Checking the tires before hitting the road is always a good practice. And this practice can prove to be helpful during the summer months too. Visually inspect if your tire threads are showing signs of wear or not. It is dangerous to drive with worn tires as those can lead to uneven handling of your car both during driving and while using the brake. And they may also blow out if not replaced timely. Next, it’s time to examine tire pressure. Depending on the build and type of your tire, the pressure should be between 30 and 35 PSI. Make sure that the tires are not over or under-inflated, as those may lead to a flat tire on hot days. Don’t forget to do the same with the spare tire as well. Do check out these top tips on how to inspect your tires before getting started.
There was a time when a paper MoT certificate was a vital document, and the police would routinely ask to see it during traffic stops. Nowadays the information is stored on a national MoT online database and the paper MoT issued after your test is simply a statement of whether your car has passed or failed. It can be a handy document for when it comes to sell your car on as it shows its service history, and it’s also a useful reminder of when your test is coming around again. However, if you’ve mislaid the paperwork – which is easily done – you can check your car’s MOT status (or the MoT status of any vehicle) by searching for the phrase ‘when’s my MoT due’ online.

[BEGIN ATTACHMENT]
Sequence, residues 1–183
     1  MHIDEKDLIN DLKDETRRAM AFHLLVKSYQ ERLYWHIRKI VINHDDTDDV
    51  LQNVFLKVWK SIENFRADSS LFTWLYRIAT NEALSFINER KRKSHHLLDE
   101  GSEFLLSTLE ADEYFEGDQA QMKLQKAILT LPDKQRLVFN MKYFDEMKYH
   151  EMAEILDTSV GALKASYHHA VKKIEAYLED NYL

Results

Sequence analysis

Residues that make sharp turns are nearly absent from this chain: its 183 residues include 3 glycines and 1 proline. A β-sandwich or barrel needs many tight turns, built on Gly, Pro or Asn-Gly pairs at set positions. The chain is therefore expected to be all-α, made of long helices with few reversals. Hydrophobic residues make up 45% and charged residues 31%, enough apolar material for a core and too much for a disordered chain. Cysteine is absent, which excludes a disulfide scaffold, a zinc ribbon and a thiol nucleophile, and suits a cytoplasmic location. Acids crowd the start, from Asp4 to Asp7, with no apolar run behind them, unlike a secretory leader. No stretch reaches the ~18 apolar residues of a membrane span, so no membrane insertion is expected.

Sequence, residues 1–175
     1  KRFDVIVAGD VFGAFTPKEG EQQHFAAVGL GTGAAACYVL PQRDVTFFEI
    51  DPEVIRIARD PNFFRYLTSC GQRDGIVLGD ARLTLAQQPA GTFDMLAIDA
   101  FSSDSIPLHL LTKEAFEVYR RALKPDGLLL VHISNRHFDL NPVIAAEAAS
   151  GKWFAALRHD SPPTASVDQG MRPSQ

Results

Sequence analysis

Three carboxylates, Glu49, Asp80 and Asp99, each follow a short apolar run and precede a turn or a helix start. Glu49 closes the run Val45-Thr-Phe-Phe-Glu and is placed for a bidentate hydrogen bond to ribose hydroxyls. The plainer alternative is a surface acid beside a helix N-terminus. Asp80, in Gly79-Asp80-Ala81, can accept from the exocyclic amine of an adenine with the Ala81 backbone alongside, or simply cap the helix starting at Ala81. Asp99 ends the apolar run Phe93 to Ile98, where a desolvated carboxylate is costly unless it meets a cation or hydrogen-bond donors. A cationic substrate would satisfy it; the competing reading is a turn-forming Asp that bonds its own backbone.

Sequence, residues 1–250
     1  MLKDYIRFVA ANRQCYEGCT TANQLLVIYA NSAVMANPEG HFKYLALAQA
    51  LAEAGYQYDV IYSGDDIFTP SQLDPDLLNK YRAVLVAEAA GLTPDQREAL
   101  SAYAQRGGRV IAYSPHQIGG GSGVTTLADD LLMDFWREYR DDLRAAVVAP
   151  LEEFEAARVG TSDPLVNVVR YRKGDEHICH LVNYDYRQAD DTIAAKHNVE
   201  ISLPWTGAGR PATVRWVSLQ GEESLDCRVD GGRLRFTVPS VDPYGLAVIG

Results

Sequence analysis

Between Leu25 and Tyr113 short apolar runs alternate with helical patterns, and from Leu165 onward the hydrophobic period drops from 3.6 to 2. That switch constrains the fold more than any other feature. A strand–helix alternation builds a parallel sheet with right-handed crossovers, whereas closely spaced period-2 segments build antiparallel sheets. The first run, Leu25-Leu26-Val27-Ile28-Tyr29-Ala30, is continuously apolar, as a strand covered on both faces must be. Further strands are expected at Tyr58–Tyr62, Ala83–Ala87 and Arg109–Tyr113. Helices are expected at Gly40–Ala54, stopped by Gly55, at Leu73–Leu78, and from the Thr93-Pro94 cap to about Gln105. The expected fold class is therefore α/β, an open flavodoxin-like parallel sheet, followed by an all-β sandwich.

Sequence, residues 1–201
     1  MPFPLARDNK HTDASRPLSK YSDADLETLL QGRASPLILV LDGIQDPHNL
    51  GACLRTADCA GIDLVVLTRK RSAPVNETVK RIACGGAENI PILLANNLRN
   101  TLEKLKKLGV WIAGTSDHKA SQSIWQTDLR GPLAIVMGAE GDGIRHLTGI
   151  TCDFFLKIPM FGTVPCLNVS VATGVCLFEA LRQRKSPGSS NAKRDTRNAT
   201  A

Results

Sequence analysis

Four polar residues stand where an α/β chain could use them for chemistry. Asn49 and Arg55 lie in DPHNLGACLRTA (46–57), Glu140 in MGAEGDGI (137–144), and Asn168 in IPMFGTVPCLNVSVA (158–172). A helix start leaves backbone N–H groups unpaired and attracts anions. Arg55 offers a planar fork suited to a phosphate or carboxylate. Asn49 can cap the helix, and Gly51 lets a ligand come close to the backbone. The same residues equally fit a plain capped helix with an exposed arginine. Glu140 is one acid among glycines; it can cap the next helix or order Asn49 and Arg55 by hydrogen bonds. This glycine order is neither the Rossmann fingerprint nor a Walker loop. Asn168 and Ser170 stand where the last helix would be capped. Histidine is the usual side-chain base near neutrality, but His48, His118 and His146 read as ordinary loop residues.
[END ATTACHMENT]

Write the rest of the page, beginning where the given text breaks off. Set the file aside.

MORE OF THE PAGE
An MOT is a legal requirement after three years. Without it your insurance is invalidated, and you could be fined. There’s another important aspect to the MOT. It proves that your car is roadworthy, and safe to drive. Vehicles have a lot of stresses put upon them. As they age the chances of parts wearing or failing increase. An MOT test can help to spot problems before they occur. Call Tilehurst Service & MOT Centre today. We perform fair and thorough MOTs for all cars and motorbikes.
Although they might not seem as important as tire rotation or oil change, replacing the windshield wipers is also important. If you’re caught in a storm and your windshield wipers don’t work properly, you could put everyone around you in danger. Windshield wipers are not only affordable, but they’re also easy to change on your own. You can get them in all auto parts stores, and the instructions are on the back of the package. Of course, if you doubt your skills, you can always ask an auto parts store employee to change them for you. While you’re there, don’t forget to check your wiper fluid levels.